The Biggest Website Mistake – You Mean I Need to Put Gas in This Thing?
So you’re ready to redesign your website. Or maybe you’ve launched a new business and are designing a new site from the ground up. Congratulations, while this is going to take some effort and involvement on your part — whether you work with an internal team or bring in a firm or specialist as a partner — it’s going to be exciting, interesting, and probably a chance for you to learn a lot.
Before you do anything though, it’s critical to have a plan. I know those of you who regularly read Marketing Trenches aren’t at all shocked – it’s rare that we do anything without mentioning a plan. In this case, what you really need to think about before you do anything with the website is everything that you are going to do after the website. What do I mean by that?
Let’s face it, the days of “If you build it, they will come” are long gone. Except with some very rare exceptions, you can’t just launch a website, lay back, and wait for prospects, customers and dollars to roll in. So, before you even start on your new website, make sure you have planned – and budgeted – for the marketing of that website. Make sure you have thought about marketing as an ongoing piece of the puzzle as well, not just a burst at launch for a month or two and then nothing. Don’t think that a launch email and submitting to search engines is all you need, you need to make sure you address all your online and offline marketing channels, including a plan for search, email, and social media among others.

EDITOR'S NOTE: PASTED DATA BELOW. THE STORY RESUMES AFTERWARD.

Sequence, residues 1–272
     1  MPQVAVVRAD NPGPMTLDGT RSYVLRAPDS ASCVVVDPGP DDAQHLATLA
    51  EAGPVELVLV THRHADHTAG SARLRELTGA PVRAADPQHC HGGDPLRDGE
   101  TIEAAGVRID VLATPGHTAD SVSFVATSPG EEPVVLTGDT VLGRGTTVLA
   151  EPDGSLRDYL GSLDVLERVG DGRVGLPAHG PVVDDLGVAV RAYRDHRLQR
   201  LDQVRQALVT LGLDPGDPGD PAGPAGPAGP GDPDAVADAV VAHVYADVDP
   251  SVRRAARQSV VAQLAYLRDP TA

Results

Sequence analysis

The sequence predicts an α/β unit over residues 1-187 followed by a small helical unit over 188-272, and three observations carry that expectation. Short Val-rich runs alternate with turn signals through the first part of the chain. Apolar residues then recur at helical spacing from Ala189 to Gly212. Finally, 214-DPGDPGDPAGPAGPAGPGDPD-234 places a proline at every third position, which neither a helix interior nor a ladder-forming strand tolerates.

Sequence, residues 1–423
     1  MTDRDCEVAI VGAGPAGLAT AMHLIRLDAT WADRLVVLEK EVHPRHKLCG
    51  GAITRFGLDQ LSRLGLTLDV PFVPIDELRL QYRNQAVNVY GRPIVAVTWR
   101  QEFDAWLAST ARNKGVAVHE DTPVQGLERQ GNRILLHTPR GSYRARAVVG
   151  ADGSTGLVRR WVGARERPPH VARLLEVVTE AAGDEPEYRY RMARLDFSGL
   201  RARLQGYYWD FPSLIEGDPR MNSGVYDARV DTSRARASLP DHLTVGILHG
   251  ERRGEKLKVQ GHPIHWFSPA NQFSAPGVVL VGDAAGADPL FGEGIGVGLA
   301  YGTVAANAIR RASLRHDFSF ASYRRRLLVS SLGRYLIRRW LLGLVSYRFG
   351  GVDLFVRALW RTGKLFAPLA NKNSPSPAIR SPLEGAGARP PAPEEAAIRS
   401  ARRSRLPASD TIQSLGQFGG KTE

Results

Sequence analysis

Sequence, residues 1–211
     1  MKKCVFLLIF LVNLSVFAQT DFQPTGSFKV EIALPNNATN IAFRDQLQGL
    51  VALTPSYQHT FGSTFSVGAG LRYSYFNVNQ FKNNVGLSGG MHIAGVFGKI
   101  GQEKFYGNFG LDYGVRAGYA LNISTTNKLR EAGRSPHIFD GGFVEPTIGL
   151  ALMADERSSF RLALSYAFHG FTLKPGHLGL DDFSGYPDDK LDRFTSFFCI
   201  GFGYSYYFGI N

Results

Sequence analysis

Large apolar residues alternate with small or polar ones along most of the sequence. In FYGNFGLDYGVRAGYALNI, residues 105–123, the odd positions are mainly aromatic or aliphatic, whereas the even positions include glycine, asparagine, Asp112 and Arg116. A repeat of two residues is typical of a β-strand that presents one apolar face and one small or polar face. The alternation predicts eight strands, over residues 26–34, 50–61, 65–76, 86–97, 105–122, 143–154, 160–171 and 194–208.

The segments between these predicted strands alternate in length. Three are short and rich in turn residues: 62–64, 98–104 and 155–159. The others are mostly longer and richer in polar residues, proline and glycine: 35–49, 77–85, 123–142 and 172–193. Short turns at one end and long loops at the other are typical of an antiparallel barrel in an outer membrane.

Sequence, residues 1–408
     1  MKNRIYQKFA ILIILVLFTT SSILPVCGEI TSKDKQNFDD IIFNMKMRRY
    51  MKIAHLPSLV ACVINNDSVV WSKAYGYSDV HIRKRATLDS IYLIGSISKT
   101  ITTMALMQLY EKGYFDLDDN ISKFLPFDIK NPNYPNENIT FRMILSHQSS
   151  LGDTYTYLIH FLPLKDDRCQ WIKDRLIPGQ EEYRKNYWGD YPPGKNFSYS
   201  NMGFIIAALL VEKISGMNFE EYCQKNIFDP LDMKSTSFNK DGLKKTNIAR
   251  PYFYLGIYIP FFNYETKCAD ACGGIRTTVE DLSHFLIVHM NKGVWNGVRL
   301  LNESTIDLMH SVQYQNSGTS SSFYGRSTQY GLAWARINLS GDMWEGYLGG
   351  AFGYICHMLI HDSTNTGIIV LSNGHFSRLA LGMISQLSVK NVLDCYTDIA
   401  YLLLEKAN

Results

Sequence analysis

Too often I’ve seen it happens where clients spend a huge chunk of their budget on the website itself and have little if anything budgeted to market it. Make sure you don’t fall into that trap, even if it means reserving some website pieces for a second phase. Because without a commitment to a marketing plan, it probably won’t matter what content or features your website has if nobody knows about you.
Think of your ongoing marketing as the fuel for your website, powering you forward.
After all, what good is that new car if you don’t have any gas to take it out of your driveway?